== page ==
Participants were randomly assigned to either a fish oil or a placebo supplement in a juice-based beverage form supplied by Smartfish Nutrition Ltd. The supplements were ingested for 6 weeks. The fish oil supplement contained 4g/day of omega-3. After 4 weeks of supplementation, participants will undergo a 2-week weight loss period. Measurements of body composition and muscle performance will be measured before supplementation, immediately before the weight loss and immediately after the 2-week weight loss period.
Participants were assigned to groups randomly using a list of 20 1 or 0 generated using the binomial distribution with probability 0.5 in Rstudio. Data was collected by Jordan Philpott either by computer output or by resistance machine output.
Trial days and measurements
Testing sessions commenced at ~07:00 on wks 1 (day 7), 4 (day 27) and 6 (day 41) following an overnight fast and having consumed 500 ml of water 1-2 h prior to arriving at the laboratory. Participants were instructed to empty their bladder before body weight was measured using standard laboratory scales (Seca Quadra 808, Birmingham, UK) with participants wearing underwear only. Body composition was measured using a narrowed fan-beamed dual-energy x-ray absorptiometry (iDXA GE Healthcare) with analysis performed using GE Encore 13.40.038 Software (GE Healthcare). All DXA scans followed procedures previously described by Rodriguez-Sanchez & Galloway (2015) and were performed by the same trained technician (CV of body mass measurement = 1.95%, CV of LBM measurement = 1.6%, CV of fat mass measurement = 6.5%).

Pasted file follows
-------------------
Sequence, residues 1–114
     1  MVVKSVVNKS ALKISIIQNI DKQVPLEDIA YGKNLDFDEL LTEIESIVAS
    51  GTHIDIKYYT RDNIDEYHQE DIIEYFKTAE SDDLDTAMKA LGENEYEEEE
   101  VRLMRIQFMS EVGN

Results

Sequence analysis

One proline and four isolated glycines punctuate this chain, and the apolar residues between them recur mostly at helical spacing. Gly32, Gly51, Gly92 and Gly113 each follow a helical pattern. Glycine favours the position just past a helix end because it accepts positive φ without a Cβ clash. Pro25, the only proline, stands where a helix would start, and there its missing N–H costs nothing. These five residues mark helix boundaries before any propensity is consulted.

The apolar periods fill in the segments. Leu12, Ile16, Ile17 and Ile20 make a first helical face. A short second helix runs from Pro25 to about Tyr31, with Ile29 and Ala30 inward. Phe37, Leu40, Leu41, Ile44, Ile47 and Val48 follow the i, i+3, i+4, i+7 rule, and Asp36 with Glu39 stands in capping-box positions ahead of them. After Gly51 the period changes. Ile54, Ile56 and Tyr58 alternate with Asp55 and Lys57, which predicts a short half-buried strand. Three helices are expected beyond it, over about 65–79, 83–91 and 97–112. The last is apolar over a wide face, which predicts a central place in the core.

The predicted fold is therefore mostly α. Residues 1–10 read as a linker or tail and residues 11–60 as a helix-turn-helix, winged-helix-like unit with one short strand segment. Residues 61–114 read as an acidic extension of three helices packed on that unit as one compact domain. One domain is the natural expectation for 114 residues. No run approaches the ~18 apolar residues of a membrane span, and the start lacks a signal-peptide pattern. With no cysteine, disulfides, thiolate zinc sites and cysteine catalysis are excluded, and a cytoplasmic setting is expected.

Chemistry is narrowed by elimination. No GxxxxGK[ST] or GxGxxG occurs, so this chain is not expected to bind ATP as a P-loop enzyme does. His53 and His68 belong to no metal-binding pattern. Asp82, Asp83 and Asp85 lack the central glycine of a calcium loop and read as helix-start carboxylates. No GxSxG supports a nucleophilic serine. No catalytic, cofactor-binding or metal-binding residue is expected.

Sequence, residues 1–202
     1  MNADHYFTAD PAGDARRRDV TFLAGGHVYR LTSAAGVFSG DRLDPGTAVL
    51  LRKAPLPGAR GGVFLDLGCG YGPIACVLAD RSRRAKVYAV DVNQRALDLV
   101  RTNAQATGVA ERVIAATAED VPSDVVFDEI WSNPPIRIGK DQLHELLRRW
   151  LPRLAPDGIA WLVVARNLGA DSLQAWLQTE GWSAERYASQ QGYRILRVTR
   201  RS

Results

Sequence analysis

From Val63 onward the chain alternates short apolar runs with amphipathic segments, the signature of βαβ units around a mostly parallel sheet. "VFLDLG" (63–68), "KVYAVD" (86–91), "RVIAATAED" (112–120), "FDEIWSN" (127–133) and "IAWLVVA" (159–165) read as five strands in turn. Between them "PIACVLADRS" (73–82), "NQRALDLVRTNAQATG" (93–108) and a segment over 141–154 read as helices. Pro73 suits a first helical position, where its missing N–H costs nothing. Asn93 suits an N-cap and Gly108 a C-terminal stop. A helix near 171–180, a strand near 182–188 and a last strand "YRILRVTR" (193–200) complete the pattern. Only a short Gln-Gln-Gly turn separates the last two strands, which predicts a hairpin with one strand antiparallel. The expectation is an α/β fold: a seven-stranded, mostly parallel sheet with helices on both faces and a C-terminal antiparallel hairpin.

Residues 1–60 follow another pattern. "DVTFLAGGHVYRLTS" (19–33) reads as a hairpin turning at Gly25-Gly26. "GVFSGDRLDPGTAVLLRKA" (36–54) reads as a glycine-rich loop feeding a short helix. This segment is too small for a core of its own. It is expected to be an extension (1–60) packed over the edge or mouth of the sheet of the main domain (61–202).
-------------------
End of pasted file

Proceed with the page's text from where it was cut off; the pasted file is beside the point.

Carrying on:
Muscle strength and endurance
The first test of muscle strength was a single leg isokinetic/eccentric maximum voluntary contraction (MVC) of the knee flexors using an isokinetic dynamometer. Participants were seated on the dynamometer with their upper body, hips and thigh securely strapped into the seat and their hip joint positioned at a 90º angle to their upper leg. The lower leg was attached to the arm of the dynamometer 1 cm above the lateral malleolus ankle joint with the axis of rotation of the dynamometer arm aligned with the lateral femoral condyle. The dynamometer arm was set to start and stop at angles 90ᵒ and 0ᵒ respectively at the knee joint. Participants were asked to use maximum effort to resist the dynamometer arm from moving the knee joint from a 90ᵒ to a 0ᵒ angle. Each participant performed 3×3 sets/reps of this MVC protocol with a 60 sec rest interval between sets. The highest peak torque recording from the 3 sets was recorded (CV of dominant leg MVC measurement = 6.65%, CV of non-dominant leg MVC measurement = 7.45%) .